Thursday, 2 July 2015

The Last Grenade (1970)

The mercenary action movie was a very small sub-genre that perhaps surprisingly produced two great movies, Dark of the Sun (1968) and The Wild Geese (1978). Sadly The Last Grenade doesn’t even come close to the quality of those films although it did have definite potential.

Major Harry Grigsby (Stanley Baker) and Kip Thompson (Alex Cord) are mercenaries in Africa. Thompson betrays Grigsby and kills most of his men in the process. This betrayal provides the movie’s best moments in the form of the superb action set-piece that opens the movie, with a truly stupendous number of explosions.

Grigsby wants revenge and he gets the chance when the British government hires him to hunt Thompson down and kill him. Thompson has been causing them major problems in Hong Kong. The British want him dead but they don’t want to be seen to be involved. General Charles Whiteley (Richard Attenborough) will give Grigsby as much assistance as possible, on an unofficial basis of course.

Grigsby teams up with his old comrades Sergeant Gordon Mackenzie (Andrew Keir), Andy Royal (Julian Glover) and Terry MItchell (John Thaw). His plans for revenge don’t exactly go smoothly. In fact they go very badly and Grigsby ends up in hospital in Hong Kong.

Grigsby is a very sick man. He has tuberculosis and he knows time is running out for him. While recuperating he and General Whiteley’s wife Katherine (Honor Blackman) fall in love and begin an affair. It’s at this point that the movie loses its way badly. The romantic sub-plot does serve an important purpose in advancing the plot but unfortunately it does so in a very obvious and predictable manner, and the romantic scenes are clumsy, unconvincing and tedious.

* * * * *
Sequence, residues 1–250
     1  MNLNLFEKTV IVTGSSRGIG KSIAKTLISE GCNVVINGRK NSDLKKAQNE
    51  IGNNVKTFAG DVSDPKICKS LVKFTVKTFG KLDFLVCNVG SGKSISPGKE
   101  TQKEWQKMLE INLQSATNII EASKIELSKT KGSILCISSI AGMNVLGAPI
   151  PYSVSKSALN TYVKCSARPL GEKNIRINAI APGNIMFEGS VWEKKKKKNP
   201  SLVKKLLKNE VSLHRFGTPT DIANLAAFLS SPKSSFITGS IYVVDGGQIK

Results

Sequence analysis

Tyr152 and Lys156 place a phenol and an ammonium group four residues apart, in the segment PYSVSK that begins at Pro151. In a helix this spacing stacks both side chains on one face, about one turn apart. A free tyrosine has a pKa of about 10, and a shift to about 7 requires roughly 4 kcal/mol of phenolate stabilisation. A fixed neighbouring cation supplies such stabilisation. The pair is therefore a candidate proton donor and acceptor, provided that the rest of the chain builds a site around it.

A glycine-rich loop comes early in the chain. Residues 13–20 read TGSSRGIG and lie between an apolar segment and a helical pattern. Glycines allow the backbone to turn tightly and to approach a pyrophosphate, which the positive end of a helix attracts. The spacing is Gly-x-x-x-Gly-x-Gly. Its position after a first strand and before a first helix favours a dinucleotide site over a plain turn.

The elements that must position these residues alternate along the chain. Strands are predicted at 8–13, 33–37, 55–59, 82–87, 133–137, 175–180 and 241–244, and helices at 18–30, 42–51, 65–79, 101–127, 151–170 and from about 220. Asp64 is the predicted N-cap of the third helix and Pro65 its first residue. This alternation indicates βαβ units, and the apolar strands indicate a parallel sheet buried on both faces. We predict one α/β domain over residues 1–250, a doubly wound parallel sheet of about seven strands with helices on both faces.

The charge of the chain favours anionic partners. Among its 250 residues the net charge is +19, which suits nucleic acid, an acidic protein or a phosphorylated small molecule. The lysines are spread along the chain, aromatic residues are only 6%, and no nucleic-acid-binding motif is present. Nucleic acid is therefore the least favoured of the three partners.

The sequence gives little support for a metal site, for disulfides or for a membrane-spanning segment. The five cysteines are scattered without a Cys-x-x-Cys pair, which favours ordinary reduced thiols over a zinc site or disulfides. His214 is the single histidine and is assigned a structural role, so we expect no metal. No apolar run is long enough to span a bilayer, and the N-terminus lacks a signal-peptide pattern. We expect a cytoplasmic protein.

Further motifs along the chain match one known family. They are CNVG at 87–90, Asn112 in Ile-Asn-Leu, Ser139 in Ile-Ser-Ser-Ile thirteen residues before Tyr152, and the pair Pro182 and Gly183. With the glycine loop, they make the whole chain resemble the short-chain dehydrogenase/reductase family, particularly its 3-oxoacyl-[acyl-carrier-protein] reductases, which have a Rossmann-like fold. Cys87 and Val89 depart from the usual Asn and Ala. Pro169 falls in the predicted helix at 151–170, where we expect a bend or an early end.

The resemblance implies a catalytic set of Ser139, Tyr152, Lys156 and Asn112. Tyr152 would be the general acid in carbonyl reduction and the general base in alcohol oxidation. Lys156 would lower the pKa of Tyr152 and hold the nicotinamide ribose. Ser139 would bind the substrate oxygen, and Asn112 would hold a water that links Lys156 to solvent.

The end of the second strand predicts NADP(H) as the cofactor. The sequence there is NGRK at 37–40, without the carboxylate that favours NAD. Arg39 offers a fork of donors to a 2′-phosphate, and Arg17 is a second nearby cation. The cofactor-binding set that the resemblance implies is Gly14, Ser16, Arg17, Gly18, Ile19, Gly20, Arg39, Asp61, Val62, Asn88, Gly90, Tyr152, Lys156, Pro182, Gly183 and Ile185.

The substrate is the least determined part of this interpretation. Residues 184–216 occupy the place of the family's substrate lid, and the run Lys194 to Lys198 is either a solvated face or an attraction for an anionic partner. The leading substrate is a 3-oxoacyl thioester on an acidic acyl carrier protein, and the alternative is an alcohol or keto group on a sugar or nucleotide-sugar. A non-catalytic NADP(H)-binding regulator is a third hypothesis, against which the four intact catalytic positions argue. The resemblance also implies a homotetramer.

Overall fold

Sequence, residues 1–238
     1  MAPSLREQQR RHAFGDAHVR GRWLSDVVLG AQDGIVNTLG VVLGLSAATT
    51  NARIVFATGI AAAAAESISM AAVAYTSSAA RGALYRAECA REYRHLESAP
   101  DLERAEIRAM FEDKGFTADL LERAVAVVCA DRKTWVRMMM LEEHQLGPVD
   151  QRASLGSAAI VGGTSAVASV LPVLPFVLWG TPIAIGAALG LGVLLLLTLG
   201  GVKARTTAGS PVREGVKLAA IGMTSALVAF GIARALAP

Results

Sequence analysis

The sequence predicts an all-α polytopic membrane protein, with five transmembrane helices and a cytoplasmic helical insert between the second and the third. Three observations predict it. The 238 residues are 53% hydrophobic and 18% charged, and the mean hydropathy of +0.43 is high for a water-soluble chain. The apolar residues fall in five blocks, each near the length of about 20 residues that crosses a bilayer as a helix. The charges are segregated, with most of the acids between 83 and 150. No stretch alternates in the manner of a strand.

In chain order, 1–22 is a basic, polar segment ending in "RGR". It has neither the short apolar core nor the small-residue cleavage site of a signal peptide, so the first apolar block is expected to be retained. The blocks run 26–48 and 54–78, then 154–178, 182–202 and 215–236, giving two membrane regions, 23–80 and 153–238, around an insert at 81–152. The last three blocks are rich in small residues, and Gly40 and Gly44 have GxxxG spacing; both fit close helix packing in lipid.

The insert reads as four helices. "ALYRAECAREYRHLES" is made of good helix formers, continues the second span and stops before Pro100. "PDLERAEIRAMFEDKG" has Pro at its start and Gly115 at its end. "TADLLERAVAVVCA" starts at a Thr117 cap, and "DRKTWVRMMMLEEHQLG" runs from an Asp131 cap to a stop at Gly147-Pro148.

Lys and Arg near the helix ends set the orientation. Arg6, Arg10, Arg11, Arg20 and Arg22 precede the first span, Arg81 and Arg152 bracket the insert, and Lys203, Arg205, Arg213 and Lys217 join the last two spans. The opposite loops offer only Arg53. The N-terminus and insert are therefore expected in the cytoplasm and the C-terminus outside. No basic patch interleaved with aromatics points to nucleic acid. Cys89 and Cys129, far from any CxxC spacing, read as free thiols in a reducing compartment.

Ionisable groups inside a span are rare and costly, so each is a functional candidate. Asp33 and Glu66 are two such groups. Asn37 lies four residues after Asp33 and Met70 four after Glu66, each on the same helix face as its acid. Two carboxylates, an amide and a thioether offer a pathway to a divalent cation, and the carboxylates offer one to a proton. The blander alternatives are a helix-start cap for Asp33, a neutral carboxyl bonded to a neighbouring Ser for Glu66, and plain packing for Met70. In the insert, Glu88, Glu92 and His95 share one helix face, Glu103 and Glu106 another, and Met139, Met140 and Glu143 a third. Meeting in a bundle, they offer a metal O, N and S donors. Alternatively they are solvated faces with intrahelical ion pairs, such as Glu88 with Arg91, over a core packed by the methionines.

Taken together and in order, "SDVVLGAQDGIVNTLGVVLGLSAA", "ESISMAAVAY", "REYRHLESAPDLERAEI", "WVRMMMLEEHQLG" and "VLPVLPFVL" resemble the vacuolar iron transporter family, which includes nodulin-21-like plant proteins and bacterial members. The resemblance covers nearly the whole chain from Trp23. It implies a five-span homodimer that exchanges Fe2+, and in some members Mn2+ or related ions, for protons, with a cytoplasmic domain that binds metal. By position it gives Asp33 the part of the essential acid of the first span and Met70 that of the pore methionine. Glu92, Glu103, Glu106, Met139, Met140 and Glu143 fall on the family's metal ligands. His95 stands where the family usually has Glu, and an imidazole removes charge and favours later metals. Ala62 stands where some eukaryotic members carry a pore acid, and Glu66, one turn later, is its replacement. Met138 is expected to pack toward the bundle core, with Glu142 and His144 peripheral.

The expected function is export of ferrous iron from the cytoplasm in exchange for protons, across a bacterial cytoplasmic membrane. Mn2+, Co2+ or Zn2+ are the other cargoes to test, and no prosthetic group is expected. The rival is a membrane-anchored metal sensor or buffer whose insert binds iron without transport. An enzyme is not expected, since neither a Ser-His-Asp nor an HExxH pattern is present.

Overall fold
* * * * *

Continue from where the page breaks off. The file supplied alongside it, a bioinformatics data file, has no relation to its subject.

Oddly enough, rather than humanising the hero the romance ends up making him both less sympathetic and less convincing - Grigsby doesn’t really seem the type to steal another man’s wife in such an underhanded and sleazy manner. On the other hand while I would hazard a guess that we’re supposed to see Katherine Whiteley as a free spirit trapped in a dull marriage to me she comes across as being exactly the sort of woman who would betray her husband.

The romance also brings the main plot to a standstill, and it never regains its momentum.

On the plus side there’s the strong cast. Stanley Baker has the charisma to carry off the rôle of Grigsby in fine style. Andrew Keir, John Thaw and Julian Glover provide fine support although the latter two are unfortunately rather under-used. Richard Attenborough manages to bring both the necessary pomposity and the necessary dignity to his performance as General Whiteley. Honor Blackman does her best and it’s hardly her fault that her character serves little purpose.

The weak link is Alex Cord’s ham-fisted performance as Kip Thompson. He’s an odd character for such a film - a crazed drug-addled hippie mercenary. Cord’s performance is hopelessly muddled and unconvincing.

The contrast between Grigsby, the old school professional soldier who (despite being a mercenary) has old-fashioned notions of honour and loyalty, and the calculatingly cynical but deranged Thompson could have been interesting. Unfortunately Thompson never becomes more than a cartoon villain.

Director Gordon Flemyng spent most of his career in television. While he shows considerable skill in handling the action sequences the movie suffers from very poor pacing and whenever the focus shifts away from the action it becomes dull and lifeless.

The biggest problem is that while the action scenes are good there aren’t enough of them. In particular the ending falls very flat - we assume it’s all leading up to a spectacular climax but it just doesn’t happen.

Scorpio Releasing have issued some rather interesting 1960s and 1970s cult films on DVD and they’ve done a pretty fair job with The Last Grenade. Picture quality is mostly very good. There are no extras.

In spite of a few good moments The Last Grenade is on the whole a disappointment - it goes off not with a bang but a whimper. Maybe worth a look if you’re a very dedicated Stanley Baker fan.

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